Obama v. Cognitive Bias
The New York Times recently reported on a study “showing that a performance gap between African-Americans and whites on a 20-question test administered before Mr. Obama’s nomination all but disappeared when the exam was administered after his acceptance speech and again after the presidential election.”
Earlier researchers had “assembled university students with identical SAT scores and administered tests to them, discovering that blacks performed significantly poorer when asked at the start to fill out a form identifying themselves by race. The researchers attributed those results to anxiety that caused them to tighten up during exams in which they risked confirming a racial stereotype.” Reviewers of the new study theorized that “Obama’s election could increase the sense of competence among African-Americans, and it could reduce the anxiety associated with taking difficult test questions.”
This reminded me of an earlier study that found that individuals’ implict biases shift significantly when they are immersed in situations that provide frequent exposure to admired members of traditionally stigmatized groups (e.g., famous African Americans or older people) and disliked members of traditionally valued groups (e.g.,infamous whites or younger people).
This involved use of the Implicit Association Test (IAT), which uses an individual test-taker’s response speed to assess the relative strength with which he or she associates certain targets with positive or negative attributes. For example, participants are typically asked to “classify stimuli representing two target concepts (e.g., flowers and insects, or Black and White groups) and evaluative attributes (e.g., good and bad words) using two designated keys. When the IAT is used to measure racial attitudes, people typically respond more quickly and easily if pleasant attributes share the same response key with White racial stimuli and unpleasant attributes share the same key with Black racial stimuli than vice versa.”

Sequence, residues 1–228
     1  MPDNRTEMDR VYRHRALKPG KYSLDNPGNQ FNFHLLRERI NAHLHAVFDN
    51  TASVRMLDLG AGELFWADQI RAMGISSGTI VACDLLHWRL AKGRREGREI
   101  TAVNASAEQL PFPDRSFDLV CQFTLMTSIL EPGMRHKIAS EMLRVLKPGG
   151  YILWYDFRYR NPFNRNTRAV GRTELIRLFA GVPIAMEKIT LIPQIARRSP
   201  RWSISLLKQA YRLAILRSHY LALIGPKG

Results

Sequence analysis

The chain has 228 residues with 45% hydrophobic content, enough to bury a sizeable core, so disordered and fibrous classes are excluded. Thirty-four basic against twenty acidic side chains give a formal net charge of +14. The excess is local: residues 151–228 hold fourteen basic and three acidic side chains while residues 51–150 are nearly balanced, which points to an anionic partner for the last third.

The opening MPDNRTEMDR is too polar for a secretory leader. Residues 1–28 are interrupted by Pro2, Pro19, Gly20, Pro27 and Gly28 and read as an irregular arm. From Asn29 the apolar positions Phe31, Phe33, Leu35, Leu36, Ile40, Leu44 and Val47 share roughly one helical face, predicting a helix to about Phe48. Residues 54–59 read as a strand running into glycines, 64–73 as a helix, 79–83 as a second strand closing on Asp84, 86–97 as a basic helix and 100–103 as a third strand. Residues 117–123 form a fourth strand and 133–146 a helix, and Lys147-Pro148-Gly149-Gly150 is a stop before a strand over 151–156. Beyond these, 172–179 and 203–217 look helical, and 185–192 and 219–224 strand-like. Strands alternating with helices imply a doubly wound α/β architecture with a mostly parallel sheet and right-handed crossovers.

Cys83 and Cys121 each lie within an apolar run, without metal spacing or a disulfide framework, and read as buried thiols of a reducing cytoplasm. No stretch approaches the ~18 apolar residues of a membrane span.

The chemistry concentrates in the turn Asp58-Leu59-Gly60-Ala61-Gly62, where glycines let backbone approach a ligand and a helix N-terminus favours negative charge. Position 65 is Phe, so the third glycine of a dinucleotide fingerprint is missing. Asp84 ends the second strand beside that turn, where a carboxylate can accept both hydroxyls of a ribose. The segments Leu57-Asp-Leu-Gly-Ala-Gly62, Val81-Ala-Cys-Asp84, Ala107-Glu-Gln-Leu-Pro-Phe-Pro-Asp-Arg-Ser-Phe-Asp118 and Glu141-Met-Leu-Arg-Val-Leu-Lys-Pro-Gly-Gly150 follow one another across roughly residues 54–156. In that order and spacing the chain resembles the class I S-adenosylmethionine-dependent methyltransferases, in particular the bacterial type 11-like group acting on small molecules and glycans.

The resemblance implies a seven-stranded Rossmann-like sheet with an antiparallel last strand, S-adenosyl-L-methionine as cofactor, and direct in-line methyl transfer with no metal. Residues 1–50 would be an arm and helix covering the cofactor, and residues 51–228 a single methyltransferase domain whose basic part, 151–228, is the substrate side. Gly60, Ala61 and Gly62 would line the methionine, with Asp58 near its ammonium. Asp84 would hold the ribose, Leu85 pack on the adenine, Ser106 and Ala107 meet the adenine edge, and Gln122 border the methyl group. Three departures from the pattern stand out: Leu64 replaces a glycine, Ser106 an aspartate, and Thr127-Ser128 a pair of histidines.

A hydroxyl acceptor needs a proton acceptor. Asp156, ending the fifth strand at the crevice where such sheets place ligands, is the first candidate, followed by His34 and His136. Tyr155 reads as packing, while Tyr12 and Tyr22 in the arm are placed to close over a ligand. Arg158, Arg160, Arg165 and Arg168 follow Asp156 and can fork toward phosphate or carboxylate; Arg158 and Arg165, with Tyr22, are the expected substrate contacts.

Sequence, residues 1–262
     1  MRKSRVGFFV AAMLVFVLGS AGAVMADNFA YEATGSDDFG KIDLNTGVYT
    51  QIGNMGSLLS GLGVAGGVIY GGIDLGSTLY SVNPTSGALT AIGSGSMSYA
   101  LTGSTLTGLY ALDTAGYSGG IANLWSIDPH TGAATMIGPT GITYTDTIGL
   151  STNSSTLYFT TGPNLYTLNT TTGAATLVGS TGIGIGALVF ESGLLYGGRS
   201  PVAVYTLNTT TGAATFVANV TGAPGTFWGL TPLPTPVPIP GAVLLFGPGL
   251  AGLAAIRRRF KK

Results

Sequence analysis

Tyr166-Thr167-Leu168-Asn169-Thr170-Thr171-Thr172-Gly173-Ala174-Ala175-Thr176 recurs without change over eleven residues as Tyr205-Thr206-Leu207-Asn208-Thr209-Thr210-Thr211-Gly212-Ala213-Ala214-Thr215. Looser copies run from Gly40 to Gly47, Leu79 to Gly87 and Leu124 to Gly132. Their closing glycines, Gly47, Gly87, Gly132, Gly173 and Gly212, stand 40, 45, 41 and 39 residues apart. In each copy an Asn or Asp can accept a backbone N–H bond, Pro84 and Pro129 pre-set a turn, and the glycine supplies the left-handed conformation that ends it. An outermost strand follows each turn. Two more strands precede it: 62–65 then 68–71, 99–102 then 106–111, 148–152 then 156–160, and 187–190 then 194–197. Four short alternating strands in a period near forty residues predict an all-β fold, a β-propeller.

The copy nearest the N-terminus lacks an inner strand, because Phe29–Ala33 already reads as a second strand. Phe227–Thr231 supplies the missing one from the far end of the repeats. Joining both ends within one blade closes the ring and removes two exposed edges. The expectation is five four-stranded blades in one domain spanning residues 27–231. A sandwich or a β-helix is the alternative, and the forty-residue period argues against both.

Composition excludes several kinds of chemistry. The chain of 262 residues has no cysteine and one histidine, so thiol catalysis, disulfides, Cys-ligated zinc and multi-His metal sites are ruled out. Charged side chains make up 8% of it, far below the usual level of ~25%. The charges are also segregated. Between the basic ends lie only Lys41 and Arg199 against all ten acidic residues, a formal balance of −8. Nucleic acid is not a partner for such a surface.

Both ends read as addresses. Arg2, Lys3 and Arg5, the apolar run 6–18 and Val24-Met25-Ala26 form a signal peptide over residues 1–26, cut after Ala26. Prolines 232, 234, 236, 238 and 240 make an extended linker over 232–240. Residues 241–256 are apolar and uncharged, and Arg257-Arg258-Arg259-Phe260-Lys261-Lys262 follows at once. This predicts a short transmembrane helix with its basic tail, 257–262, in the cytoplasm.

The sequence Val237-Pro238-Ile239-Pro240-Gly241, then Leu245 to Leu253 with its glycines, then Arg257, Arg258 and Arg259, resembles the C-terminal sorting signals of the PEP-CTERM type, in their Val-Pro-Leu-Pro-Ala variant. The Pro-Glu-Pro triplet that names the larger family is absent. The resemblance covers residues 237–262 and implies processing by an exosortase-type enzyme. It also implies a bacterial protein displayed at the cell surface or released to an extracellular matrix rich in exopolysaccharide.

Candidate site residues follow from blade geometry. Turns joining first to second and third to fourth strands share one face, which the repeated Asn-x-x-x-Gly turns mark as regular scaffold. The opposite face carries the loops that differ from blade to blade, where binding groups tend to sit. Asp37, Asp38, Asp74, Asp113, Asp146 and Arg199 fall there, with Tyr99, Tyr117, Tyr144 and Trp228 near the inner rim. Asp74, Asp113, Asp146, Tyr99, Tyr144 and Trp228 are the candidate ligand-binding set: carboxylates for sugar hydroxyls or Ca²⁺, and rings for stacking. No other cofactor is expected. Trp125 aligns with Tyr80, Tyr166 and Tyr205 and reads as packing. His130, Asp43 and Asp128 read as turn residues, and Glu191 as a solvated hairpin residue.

But the authors found that test-takers whose initial performance indicated a tendency to associate black targets with negative attributes (and a tendency to associate white targets with positive evaluations) displayed significant less implict bias of that sort after repeated exposure to pictures of admired African Americans (e.g., Dr, King) and disliked whites (e.g., Jeffrey Dahmer). Similarly, the authors found that test-takers’ automatic preference for younger over older people declined after encountering images of admired older and disliked younger individuals.
Together, these studies make me wonder about the effects we might expect now that pictures of President Obama are prominently displayed throughout the media as well as in government offices throughout the country . . .